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Traditional and Modern Techno-Orientalism in Big Hero 6 26 May, 2020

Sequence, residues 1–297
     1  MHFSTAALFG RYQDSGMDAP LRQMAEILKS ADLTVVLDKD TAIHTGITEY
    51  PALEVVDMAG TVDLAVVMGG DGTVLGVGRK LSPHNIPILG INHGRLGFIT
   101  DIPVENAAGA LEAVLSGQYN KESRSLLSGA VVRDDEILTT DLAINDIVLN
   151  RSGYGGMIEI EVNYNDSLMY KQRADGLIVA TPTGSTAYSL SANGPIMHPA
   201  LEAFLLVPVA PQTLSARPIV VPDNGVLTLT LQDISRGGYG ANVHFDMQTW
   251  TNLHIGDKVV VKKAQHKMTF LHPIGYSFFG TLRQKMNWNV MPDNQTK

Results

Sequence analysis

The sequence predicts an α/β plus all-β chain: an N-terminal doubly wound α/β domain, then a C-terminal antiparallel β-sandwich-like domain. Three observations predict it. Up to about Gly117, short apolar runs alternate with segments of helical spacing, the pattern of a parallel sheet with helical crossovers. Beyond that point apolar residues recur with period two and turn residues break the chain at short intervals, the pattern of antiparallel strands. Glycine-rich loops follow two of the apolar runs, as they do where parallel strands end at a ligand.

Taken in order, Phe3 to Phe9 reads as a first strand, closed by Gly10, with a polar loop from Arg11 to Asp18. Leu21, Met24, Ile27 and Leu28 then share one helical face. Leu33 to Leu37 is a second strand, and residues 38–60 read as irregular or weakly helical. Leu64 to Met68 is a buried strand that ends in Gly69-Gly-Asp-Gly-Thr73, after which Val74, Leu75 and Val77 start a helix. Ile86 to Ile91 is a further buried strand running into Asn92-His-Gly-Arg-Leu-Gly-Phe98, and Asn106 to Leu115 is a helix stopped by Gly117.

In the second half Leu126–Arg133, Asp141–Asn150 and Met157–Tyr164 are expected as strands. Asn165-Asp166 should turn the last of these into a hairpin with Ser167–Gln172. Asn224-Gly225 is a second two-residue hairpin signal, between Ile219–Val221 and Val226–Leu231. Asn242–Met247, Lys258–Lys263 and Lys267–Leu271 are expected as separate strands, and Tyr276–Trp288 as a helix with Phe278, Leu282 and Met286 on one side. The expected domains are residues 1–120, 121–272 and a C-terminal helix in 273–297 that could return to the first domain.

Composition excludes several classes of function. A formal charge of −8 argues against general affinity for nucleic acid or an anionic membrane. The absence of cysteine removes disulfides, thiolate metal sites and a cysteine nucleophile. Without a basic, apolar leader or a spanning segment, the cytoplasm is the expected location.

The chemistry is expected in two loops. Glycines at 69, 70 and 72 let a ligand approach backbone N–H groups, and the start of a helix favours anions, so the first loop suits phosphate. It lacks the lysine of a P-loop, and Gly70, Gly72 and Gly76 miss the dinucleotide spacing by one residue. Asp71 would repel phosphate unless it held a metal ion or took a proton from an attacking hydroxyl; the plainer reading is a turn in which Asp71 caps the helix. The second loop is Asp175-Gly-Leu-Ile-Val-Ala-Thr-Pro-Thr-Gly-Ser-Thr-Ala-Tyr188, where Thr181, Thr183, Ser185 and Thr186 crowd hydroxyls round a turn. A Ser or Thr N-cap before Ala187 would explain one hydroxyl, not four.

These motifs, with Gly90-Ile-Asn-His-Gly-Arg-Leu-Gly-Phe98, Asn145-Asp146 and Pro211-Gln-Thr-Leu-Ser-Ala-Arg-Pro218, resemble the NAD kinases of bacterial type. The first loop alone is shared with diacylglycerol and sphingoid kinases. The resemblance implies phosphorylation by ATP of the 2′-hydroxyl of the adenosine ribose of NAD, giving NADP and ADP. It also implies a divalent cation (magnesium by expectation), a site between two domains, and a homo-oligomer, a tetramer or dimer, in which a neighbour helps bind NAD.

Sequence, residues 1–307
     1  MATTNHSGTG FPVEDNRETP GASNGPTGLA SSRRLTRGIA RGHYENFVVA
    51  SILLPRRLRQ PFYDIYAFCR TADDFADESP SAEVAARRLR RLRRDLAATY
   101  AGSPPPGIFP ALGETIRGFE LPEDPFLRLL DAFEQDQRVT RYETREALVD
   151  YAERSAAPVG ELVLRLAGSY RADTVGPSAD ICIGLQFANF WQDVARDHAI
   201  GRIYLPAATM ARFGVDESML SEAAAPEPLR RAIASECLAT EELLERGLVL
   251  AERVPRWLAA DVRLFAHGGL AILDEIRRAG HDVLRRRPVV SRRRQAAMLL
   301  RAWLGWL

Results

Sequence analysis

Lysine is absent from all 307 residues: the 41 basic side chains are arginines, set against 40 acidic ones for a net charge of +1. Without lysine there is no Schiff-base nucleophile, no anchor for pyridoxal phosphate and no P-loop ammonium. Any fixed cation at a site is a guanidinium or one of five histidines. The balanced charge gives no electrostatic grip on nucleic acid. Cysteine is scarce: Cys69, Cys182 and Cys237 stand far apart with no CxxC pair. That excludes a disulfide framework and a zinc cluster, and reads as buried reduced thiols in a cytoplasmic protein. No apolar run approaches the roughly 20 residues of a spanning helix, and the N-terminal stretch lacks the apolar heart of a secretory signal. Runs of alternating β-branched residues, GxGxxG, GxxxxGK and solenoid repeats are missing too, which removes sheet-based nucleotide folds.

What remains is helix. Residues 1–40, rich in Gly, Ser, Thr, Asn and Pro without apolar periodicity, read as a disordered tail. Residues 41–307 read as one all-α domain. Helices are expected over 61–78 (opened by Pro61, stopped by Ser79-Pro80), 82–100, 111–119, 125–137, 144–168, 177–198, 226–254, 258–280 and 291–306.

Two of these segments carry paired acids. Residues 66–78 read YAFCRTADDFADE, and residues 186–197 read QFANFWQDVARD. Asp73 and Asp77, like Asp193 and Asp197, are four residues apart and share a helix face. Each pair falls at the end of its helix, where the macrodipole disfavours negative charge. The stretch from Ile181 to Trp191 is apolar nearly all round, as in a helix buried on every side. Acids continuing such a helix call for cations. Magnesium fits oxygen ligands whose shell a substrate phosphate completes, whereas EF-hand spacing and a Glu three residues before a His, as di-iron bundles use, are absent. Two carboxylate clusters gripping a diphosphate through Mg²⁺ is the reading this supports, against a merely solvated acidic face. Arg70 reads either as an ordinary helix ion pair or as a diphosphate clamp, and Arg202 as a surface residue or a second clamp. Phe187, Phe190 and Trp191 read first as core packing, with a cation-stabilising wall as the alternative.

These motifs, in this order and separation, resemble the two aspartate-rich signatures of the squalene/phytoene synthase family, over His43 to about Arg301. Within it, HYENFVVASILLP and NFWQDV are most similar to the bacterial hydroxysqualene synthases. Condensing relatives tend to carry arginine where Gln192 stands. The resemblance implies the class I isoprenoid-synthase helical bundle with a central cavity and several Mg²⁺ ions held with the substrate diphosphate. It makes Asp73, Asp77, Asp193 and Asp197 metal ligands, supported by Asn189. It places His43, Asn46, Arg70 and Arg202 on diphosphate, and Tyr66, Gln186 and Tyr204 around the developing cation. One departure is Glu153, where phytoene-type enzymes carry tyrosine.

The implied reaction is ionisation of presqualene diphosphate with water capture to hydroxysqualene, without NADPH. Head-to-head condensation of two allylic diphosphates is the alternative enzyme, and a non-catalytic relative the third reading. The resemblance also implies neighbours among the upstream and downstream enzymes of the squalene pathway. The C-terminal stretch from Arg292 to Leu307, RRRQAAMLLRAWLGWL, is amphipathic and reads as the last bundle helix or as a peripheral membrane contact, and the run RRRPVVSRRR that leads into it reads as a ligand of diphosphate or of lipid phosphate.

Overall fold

Big Hero 6, an American 3D computer-animated superhero film, is based on a Marvel comic book series set in Japan. A brilliant 14-year-old robotics Hiro Hamada discovers an inflatable health care robot Baymax created in the past by his brother, Tadashi. Baymax is designed to be non-threatening, and with the sole purpose of healing. After a devastating event occurs, Hiro and Baymax team up with four other high-tech superheroes, to save their hometown San Fransokyo from an evil supervillain, Professor Callaghan, who was going to become Hiro’s mentor in school. Hiro and his team take down Callaghan who is trying to avenge his daughter from a tech CEO with the help of Hiro's invention. San Fransokyo which is the combination of San Francisco and Tokyo city is a fictional city. (Kelts, 2016, pp 16-18) “The city is a visual astonishment: meticulously detailed renderings of San Francisco’s hilly neighborhoods with Tokyo’s Odaiba Rainbow Bridge spanning its bay and Shibuya skyscrapers hugging the iconic Transamerica Pyramid”.